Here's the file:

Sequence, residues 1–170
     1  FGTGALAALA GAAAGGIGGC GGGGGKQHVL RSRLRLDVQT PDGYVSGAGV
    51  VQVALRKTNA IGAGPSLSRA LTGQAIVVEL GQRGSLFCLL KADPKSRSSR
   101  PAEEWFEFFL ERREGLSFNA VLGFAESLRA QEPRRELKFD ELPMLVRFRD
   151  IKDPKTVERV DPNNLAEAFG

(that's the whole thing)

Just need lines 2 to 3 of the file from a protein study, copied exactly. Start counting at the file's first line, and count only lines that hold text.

     1  FGTGALAALA GAAAGGIGGC GGGGGKQHVL RSRLRLDVQT PDGYVSGAGV
    51  VQVALRKTNA IGAGPSLSRA LTGQAIVVEL GQRGSLFCLL KADPKSRSSR